The Atlantic Cup 2012 is being held from May 11 to 27. 'There’s never been a race like this before in the U.S.,' reported American Emma Creighton (27) — the third American female skipper to complete the Mini Transat and one of only four female skippers competing in the Atlantic Cup. 'This is a first for the shorthanded American sailing circuit — there will be 15 boats on the line, with teams from both the U.S. and Europe competing.'
The three-stage Atlantic Cup will test sailors in both offshore and around-the- buoy environments, with a healthy emphasis cast on the two offshore legs.
The first offshore leg will take the fleet of Class 40 raceboats from Charleston, South Carolina to New York City, New York, a distance of 645-nautical miles; Leg Two is a 260-nautical-mile 'sprint' from the Big Apple to Newport, Rhode
Island. And while the Atlantic Cup borrows heavily from the European model of professional regattas (e.g., a race village and strong multimedia presence), American flourishes such carbon-neutral status and U.S.-corporate sponsorship
provide the race with a unique heritage.
'I’m really looking forward to sailing with my co-skipper, Rob Windsor,' said Creighton. 'He has a ton of Class 40 experience, so I’ll learn a lot. Plus, we’re one of only five all-American boats, which is pretty cool given that this is a U.S.
race.' Creighton and Windsor will compete aboard Initiatives (GBR 30), owned by Tanguy de Lamotte’s (FRA), a deal that Creighton brokered in exchange for some substantial delivery work for her French mentor. Originally, Creighton
planned to race with co-skipper Jorge Madden (ESP), but a seven-day delivery from Progreso, on Mexico’s Yucatán Peninsula, to Charleston, South Carolina, revealed some personality quirks. 'Doublehanded racing requires matching-up
on a vast array of compatibility points,' said Creighton. 'Jorge and I have both moved on to new co-skippers for this race, but we remain great friends. I wish him the best of luck.'
Like the sailors themselves, the offshore legs also have their own idiosyncrasies. For starters, Leg One is significantly longer than Leg Two and involves negotiating two potential question marks — Cape Hatteras and the Gulf Stream—
as well as the initial hurdle of clearing Charleston Harbor and the final challenge of negotiating New York Harbor. 'We’re starting at 1800 hours, right off of the Charleston Maritime Center, in order to catch the ebb tide out of town,' said Creighton. 'Unfortunately, the sea breeze usually dies each evening, and the rivers that drain into Charleston Harbor create some weird lateral currents. It will be a tricky start!'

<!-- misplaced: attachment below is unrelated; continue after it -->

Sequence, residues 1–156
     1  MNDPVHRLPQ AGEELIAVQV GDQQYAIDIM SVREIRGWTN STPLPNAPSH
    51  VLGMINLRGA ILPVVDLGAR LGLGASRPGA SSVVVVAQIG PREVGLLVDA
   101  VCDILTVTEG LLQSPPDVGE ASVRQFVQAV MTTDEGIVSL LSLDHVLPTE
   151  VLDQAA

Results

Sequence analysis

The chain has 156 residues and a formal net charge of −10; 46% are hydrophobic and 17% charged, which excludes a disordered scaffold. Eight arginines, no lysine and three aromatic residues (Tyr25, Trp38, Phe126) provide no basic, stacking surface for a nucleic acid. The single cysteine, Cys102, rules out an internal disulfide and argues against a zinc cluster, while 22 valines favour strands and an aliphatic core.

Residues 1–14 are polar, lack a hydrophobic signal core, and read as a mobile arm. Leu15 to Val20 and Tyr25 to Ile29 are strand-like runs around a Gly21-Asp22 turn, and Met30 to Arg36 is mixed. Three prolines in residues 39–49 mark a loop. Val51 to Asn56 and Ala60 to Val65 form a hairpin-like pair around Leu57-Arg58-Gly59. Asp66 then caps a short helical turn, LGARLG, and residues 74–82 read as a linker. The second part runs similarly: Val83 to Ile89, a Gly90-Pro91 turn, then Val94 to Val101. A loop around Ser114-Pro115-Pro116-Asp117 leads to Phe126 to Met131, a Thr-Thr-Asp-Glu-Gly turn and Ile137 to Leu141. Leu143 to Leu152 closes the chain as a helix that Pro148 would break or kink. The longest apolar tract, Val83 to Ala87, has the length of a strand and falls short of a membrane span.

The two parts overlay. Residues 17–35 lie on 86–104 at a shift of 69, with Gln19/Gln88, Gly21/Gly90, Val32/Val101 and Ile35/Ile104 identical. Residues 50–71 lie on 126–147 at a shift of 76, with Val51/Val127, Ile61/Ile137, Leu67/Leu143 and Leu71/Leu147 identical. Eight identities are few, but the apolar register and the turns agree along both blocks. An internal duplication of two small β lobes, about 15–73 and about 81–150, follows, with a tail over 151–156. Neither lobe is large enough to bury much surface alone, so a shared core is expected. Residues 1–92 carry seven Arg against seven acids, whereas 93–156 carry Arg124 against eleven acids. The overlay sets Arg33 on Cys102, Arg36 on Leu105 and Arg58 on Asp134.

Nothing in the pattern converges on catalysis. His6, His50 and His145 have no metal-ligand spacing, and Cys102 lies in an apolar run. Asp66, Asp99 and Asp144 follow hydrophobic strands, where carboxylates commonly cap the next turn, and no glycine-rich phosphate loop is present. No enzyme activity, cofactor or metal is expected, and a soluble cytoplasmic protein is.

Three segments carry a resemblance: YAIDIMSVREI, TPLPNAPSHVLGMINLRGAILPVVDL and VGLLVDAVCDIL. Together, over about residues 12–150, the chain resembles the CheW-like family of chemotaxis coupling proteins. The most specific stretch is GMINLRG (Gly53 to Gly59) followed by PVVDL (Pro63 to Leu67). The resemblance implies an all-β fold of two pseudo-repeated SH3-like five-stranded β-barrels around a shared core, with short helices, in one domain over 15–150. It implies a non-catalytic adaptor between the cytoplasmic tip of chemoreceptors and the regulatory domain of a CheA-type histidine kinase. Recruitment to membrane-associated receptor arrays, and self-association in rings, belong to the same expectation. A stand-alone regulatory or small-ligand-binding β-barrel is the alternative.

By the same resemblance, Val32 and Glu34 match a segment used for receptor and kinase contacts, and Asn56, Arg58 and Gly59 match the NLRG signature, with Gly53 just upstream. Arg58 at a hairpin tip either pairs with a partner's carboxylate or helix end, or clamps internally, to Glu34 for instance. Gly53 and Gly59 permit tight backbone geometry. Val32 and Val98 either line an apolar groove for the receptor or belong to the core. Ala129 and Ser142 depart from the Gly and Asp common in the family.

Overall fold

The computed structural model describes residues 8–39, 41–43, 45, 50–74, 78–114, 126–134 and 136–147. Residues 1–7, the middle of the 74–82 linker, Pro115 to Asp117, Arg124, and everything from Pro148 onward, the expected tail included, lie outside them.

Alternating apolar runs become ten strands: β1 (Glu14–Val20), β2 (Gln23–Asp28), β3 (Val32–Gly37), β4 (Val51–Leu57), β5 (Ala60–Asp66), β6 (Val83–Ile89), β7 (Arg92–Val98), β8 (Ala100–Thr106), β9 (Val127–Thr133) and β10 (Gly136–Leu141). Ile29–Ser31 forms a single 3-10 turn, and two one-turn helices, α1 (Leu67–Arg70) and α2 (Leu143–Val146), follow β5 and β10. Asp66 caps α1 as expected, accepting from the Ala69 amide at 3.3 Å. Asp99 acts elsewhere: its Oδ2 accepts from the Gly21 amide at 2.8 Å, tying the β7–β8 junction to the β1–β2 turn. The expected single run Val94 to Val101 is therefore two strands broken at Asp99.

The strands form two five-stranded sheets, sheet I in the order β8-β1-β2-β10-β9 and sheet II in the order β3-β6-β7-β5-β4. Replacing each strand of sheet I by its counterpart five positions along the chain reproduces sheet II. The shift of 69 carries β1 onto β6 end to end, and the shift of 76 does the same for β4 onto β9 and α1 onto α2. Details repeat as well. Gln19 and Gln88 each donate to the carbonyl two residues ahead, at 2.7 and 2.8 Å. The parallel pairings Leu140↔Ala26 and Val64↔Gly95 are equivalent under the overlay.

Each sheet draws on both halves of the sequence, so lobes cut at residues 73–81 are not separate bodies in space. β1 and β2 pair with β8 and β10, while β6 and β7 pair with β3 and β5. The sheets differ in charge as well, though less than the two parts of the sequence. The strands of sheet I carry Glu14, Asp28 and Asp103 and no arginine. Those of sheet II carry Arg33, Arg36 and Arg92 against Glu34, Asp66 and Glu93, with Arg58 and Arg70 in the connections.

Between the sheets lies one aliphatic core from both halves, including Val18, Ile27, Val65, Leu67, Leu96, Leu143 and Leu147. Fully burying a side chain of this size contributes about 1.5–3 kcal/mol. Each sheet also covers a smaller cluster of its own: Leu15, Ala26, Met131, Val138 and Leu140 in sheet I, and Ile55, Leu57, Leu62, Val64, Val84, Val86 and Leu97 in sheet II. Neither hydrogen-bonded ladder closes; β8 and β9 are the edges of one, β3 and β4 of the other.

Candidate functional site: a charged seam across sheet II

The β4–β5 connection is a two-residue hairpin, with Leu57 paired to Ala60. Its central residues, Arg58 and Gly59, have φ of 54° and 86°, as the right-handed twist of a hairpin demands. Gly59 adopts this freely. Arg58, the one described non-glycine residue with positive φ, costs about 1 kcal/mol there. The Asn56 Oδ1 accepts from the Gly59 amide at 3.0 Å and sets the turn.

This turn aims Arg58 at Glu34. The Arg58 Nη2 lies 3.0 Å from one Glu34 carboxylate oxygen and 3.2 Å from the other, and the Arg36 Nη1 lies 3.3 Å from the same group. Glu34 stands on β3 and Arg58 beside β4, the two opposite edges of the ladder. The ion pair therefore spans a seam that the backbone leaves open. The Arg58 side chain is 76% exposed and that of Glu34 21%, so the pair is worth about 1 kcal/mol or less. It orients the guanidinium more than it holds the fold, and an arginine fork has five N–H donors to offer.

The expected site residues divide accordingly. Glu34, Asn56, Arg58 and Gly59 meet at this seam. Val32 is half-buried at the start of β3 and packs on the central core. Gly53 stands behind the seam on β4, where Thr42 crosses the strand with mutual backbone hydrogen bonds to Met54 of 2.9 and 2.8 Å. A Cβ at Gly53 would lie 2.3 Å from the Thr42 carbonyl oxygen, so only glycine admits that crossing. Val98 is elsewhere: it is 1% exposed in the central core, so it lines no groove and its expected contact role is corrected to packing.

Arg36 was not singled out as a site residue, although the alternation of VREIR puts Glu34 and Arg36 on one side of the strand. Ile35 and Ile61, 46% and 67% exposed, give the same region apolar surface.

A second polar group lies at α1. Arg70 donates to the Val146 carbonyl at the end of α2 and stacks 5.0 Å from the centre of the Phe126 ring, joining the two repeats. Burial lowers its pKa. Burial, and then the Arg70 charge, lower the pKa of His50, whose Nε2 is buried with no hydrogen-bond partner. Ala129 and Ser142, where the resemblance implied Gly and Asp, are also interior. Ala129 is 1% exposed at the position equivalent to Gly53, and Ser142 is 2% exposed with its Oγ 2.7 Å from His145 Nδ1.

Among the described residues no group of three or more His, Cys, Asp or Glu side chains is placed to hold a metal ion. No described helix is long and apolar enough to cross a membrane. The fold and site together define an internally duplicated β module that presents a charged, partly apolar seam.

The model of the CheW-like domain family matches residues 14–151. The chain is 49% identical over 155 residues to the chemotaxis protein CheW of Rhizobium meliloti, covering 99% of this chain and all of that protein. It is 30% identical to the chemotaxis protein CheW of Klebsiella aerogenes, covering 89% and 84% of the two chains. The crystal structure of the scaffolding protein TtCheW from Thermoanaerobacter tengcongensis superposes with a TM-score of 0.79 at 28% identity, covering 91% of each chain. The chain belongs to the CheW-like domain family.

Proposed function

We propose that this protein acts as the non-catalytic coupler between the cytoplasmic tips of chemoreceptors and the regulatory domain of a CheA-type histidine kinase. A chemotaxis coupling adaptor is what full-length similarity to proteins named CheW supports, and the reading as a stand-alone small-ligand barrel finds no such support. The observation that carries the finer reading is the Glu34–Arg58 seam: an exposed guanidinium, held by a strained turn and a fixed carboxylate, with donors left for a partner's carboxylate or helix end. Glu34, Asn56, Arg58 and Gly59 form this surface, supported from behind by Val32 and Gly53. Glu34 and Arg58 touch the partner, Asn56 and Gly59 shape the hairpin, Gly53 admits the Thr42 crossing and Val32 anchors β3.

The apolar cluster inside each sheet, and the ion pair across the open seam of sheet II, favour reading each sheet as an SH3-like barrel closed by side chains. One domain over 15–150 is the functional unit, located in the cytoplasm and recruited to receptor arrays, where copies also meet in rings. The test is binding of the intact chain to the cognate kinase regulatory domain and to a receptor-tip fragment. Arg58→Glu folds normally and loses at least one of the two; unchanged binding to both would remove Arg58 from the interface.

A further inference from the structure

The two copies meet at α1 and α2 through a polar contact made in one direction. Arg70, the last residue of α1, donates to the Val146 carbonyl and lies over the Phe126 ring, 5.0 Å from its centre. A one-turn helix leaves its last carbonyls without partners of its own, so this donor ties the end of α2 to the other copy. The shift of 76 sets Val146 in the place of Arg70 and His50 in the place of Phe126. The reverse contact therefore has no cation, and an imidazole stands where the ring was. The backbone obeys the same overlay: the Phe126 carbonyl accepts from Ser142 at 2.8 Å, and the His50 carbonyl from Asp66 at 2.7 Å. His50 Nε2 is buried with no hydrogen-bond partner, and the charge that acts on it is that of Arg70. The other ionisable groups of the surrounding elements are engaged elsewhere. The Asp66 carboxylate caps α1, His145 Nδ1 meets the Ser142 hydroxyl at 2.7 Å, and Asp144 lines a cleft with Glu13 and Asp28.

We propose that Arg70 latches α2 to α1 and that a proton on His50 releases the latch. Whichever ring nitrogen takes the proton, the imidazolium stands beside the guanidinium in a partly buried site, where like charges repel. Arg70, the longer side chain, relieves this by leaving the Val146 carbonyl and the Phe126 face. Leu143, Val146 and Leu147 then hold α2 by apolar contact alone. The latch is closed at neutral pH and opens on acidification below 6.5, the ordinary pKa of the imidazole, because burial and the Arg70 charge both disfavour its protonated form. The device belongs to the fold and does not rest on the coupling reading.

Leg two’s defining characteristic is its short, 260-mile course — a distance that likely represents 24 hours of hard, hammer-down sailing for these fast 40- footers. 'Leg Two has less of a margin for error,' reported Creighton. 'Miss one
tack and you could quickly loose 14 boats. If Leg One is about weather-routing challenges, Leg Two is about boathandling and reading wind shifts. Fortunately, I like catnapping in the cockpit, so Leg Two will be great!'
In addition to the offshore legs, both stopovers will drill each team’s short-course prowess. While the New York in-shore race is a Pro-Am event (read: professional sailors and sponsor invitees competing together), the Atlantic Cup 2012’s grand finale is a weekend (May 26 and 27) of fully crewed buoy racing off of Newport that counts towards the overall results. 'I think the race will be extremely hard-fought and the eventual winner will have to achieve strong performances in all three stages,' said Race Director Hugh Piggin. 'But I don't think the winner will be decided until the Sunday of the inshore series. This isn’t a traditional regatta event—the incentive of prize money will keep the skippers focused and [will] tie the three stages together as each [stage] will influence the overall result.'
Initiatives is in Bristol condition, reports Creighton, no doubt thanks to her diligent preparation work, both in France with de Lamotte and in Charleston. While some teams will likely be spending their final pre-race days shortening their to-do
lists, Creighton and Windsor will be sailing, running through critical maneuvers, practicing sail changes and learning Initiatives’ sweet spot. Then, it will be a matter of reeling off miles. 'I’m so psyched!' said Creighton. 'The delivery from
Mexico was my first overnighter since November. It was great to have some time off over the winter, but now I’m ready to go sailing.'
All told, the Atlantic Cup 2012 encompasses 905 nautical miles of offshore racing, a Pro-Am race, a fantastic weekend of buoy chasing off of Newport, and months of diligent planning, preparation and training. Please visit Creighton’s
website or Facebook page (search: Emma's Sailing Exploits) for more information on her sailing campaigns, and stay tuned for more news from this talented American sailor.
Emma Creighton website
The Atlantic Cup website
by Emma Creighton
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5:35 PM Wed 9 May 2012GMT
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